Tag Archives: Electricity

What’s a Potentiometer? All About our Knob Dimmer DIY Kit

A potentiometer is a type of resistor. The word itself derives from the phrase “voltage potential,” and “potential” is used to refer to “strength” (Academickids.com). Resistors control the flow of the electric current in a circuit. Think of a kink in a garden hose that stops the water from flowing. 

Where can we find resistors in our daily life?

Resistors are used in all sorts of common household appliances, like light dimmers (which we’ll be making in this kit!) and also used to adjust volume on items such as televisions and radios. 

Light dimmers are resistors that let you control the amount of energy flowing to your lights. Adding more resistance reduces the brightness. We can also set up a potentiometer as a knob turning left and right. 

Making our Knob Dimmer DIY Kit

The Knob Dimmer DIY Kit is a project in the Electronics and Circuitry series—a group of projects that encourage hands-on learning in accordance with NGSS Standards for Energy and Energy Transfer. Through these projects students can explore scientific ideas to design, test and refine a device that converts energy from one form to another (4-PS3-4).

Let’s take a look at how we make a circuit and our own DIY light dimmer using the kit. We’re going to be using a breadboard because they’re the perfect vehicles of electronic experimentation! For more on breadboards, head to our recent blog post here

First, we insert the jumper wires and the LED into our breadboard. Then, it’s time to insert the switch! Finally, to test our project, we send current to the potentiometer. 

 

Turn the knob in either direction to direct the flow of the current through either color LED on one side or the other. We can compare the circuits and remember when we decrease resistance, we allow more electricity to flow.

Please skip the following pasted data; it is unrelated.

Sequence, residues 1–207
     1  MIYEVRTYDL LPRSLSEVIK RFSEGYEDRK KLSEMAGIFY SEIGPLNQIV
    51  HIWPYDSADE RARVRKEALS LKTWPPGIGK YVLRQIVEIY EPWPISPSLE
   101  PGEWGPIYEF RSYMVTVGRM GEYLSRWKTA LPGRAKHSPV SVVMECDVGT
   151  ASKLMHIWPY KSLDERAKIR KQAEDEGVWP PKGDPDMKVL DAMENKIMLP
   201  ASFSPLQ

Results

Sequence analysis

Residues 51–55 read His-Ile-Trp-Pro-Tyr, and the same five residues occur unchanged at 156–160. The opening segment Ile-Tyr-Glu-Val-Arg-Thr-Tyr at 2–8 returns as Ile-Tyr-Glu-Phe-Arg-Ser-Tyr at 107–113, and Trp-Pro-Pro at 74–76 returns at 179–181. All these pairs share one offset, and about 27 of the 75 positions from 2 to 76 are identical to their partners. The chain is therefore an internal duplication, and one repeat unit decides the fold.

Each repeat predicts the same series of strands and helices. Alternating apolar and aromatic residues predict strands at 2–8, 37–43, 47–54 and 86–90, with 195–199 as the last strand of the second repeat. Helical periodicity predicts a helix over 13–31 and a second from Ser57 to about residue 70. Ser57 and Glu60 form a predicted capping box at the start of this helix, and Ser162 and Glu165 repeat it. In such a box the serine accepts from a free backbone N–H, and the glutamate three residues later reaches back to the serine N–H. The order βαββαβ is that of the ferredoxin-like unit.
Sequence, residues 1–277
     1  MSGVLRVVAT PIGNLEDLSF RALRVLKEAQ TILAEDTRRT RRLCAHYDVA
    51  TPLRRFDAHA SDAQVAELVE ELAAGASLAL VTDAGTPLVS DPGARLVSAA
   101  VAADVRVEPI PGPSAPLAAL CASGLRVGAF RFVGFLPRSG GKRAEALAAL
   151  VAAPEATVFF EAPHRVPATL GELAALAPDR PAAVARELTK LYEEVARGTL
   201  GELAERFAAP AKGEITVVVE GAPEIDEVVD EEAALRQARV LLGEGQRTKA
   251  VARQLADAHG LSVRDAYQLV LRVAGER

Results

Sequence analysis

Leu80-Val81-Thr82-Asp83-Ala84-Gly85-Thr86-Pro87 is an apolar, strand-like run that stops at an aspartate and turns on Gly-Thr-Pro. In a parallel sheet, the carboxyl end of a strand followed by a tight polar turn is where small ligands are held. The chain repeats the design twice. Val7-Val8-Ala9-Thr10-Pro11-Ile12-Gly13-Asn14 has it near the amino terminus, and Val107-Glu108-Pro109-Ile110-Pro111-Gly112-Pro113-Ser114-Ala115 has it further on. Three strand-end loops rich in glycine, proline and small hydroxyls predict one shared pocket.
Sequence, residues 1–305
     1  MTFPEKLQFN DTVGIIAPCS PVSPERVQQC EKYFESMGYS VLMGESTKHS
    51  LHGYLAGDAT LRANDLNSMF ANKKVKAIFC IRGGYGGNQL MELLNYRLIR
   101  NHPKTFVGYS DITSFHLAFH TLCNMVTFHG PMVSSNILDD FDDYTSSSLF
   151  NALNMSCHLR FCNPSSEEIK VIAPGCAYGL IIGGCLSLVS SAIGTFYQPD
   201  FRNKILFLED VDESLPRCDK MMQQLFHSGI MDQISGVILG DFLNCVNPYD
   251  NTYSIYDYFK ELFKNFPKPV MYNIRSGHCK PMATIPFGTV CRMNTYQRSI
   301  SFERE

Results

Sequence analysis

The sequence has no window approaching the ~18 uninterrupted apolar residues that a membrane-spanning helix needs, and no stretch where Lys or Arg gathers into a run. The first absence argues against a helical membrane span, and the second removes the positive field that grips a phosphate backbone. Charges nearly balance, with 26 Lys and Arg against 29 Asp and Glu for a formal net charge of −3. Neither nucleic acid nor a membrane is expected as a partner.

What have we made? What can we do with it?

Now you and your students have just made a circuit incorporating a potentiometer…and also a light dimmer miniature exposé! Next comes the best part—encourage your students to take the circuit back apart and start experimenting. Have you already put together our BreadBoard Basics DIY Kit? Try combining the cumulative materials of both into an even more advanced circuit.  

Did you or your student make an interesting new project with a multi-path circuit using our DIY Kit components? Upload a snap of your project on any social media and tag us for a chance to be featured on our page. Time to crank up the imagination and creativity!

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How Does a Breadboard Encourage Experimentation? Why Is That Important for Learning? All About Our Breadboard Basics DIY Kit

Curiosity and the urge to solve problems are the emotional hallmarks of our species.

—Carl Sagan

A curious mind thrives on the art of play and experimentation. One of the ways that we can encourage experimentation is through engineering, which is the “practical application of scientific knowledge to solve everyday problems.” (Ed.gov

Engineering relies on the art of testing and prototyping, which is an early sample, model, or release of a product built to test a concept or process. (Wiki) A prototype is like a first-draft where students can test out what works and what doesn’t. 

What is a breadboard? How does it encourage exploration?

A breadboard allows the mind to harness the desire to explore, test, and prototype without the burden of soldering. Students can test out different circuit paths without having to make permanent wire-splices, which makes it that much easier to have fun with problem-solving and building! 

In the kit, we use the breadboard to make and test out experiments. The breadboard has pins that are connected using conductive metal. Each row is a team of pins that share electricity and we send electric current using jumper wires. 

A battery has two terminals (positive and negative) that fit into the breadboard pins. Then, we insert the LED terminals into the breadboard and use that to visually show us our “test results”. 

We use the conductive metal tip of brass fasteners and the jumper wires to create two closed circuits. This is called a multi-path circuit. In order for the LED to light, its circuit must make a complete circular path back to the battery. 

From here, students can begin to take on more and more complex projects involving breadboards, such as Curious DIY Kits: Light Sensitivity, Knob Dimmer and Wireless Electricity. 

How does exploration create an environment for learning?

In our last blog post, we talked all about how curiosity leads to deeper learning. When we experiment, we foster imagination. The first step to learning is to admit that we don’t know something. Then, the fun begins when we start to discover how and why something works. Like Anatole France said, “The whole art of teaching is only the art of awakening the natural curiosity of young minds for the purpose of satisfying it afterwards.” With our Breadboard Basics DIY Kit, students are set up to tinker and explore….and hopefully discover!